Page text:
Updated: Mar 26
"We signed up for the bike team, and now we need to get a bike. What should we buy?"
We get that same question before every season—several times. And rightfully so. A new bike is a big purchase, and all the options can be intimidating.
But with a little direction, your kid can be off-and-riding on just the right bike for programs like Eau Claire Youth Cycling and NICA.
TLDR: If you just want a stress-free, no-brainer suggestion, jump to the "Just tell me what to buy!" section at the end of this post.
WHAT'S CONSIDERED A MOUNTAIN BIKE?
At the most basic level, you’re going to want a bike designed to handle off-road trails and encounters with rocks, roots, and dirt. Compared to other types of bikes, mountain bikes typically have wider tires, better brakes, and a more rugged build.
Most will also have some sort of suspension to smooth out the humps and bumps, just like your car does. And this is where one of your first choices comes in —front or full suspension.
Front suspension bikes — also called hardtails — have suspension at the front wheel only. Full-suspension bikes have suspension at both the front and rear wheels. Full-suspension will give you a smoother ride, but you’ll pay more money for it and will have a heavier and theoretically slower bike.
For the type of trails youth bike programs ride, either front or full-suspension is fine.
SO. MANY. OPTIONS.
The choices don’t stop there. In an effort to target as many niches as possible, the bike industry cranks out a huge variety of wheeled objects under the “mountain bike” name.
Some of the common brand names to look for are Trek, Giant, Specialized, Salsa, Kona, and Marin. Buy a mountain bike from one of these brands, and you can be comfortable that it'll be suitable for off-road riding.
Avoid Schwinn, Huffy, Mongoose and other brands sold in big-box stores like Target and Walmart. While they might be called “mountain bikes”, I’d call them MBSOs — mountain bike-shaped objects. They have low-quality parts, are often poorly assembled, and can be significantly heavier than their quality counterparts. Ok for riding around the neighborhood or to-and-from school, but frustrating and potentially dangerous on trails.
The mountain bike category has been broken down into sub-categories based on the type of terrain you plan to ride. Want to go fast down steep & rocky hills? Spend a week biking through the wilderness? Speed along on smooth singletrack? Brave ice and snow? Categories include, downhill, enduro, XC, all-mountain, trail, fat, etc.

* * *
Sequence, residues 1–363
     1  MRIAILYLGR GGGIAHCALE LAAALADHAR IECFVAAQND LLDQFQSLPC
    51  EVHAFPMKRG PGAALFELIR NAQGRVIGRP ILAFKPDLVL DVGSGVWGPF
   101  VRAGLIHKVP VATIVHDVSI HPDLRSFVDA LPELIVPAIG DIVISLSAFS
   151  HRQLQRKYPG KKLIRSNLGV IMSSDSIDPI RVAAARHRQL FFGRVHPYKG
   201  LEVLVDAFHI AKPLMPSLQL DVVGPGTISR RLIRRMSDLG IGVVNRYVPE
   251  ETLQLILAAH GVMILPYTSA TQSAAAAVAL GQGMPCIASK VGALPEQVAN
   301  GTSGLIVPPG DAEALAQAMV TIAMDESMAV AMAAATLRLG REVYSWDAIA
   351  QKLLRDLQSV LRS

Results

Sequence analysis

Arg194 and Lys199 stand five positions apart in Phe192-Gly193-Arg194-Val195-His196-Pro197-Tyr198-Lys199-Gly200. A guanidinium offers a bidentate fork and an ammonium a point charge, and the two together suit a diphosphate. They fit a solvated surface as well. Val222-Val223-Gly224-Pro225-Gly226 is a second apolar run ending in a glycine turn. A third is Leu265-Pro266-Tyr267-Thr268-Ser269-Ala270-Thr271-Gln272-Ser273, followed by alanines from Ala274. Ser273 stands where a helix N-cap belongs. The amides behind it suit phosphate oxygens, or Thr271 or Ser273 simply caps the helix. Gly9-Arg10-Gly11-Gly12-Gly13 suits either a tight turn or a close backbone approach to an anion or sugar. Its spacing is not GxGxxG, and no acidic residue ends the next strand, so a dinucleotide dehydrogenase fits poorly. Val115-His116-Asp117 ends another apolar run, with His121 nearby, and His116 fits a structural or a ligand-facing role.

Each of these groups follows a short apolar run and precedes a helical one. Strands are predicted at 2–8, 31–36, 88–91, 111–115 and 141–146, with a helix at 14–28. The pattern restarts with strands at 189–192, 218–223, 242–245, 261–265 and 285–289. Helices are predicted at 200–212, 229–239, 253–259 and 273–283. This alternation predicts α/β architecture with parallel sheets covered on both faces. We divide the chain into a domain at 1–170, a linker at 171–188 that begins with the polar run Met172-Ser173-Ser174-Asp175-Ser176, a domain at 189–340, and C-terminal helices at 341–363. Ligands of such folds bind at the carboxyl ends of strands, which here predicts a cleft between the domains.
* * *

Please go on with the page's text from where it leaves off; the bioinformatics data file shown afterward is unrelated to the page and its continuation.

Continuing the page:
For Midwest riding with your local youth program, look for an "XC", "cross-country", or "trail" bike. These categories are well-suited for climbing, descending moderate hills, and the relatively flat terrain of we have a lot of here in Wisconsin.
Avoid e-bikes (with electric assist motors) and single-speed bikes (only one gear) if your child will be doing NICA youth races — they’re not allowed.
The bikes you’ll find will mostly have frames made of either aluminum or carbon. Carbon is somewhat lighter, rides somewhat smoother, and is more expensive. In the context of a new biker joining a youth program, your wallet's more likely to discern the difference than your child will. Don't stress this decision, as your budget will likely make the choice for you.
It’s important to get the right size bike. Check out the size charts on manufacturers’ websites. Ask a salesperson. Do a quick test ride. Since your child is probably still growing, go a size up if they’re in between, but don’t force it.
WHERE TO BUY A NEW BIKE
Ok, you've got a better idea of what kind of bike to buy. Now, where should you shop for one?
LBS (Local Bike Shop)
A locally owned bike shop is going to have good, reliable bikes and will be able to tell you what the best option is for the type of riding your child will be doing. If you’re fortunate enough to have multiple shops nearby, visit a few and consider the following:
Do they have the kind of customer service that makes you want to build an ongoing relationship with their shop? (You’ll be back when you need service, repairs, gear, and upgrades)
Do they take time to put your child on the right size bike, and do they include minor fit adjustments in the sale price?
Do they have a variety of bikes in stock to choose from? Do they allow test rides (when the weather is nice)?
Do they support the local youth team and/or trail organizations? (Buying from shops like these leads to a stronger mountain bike community in the long run.)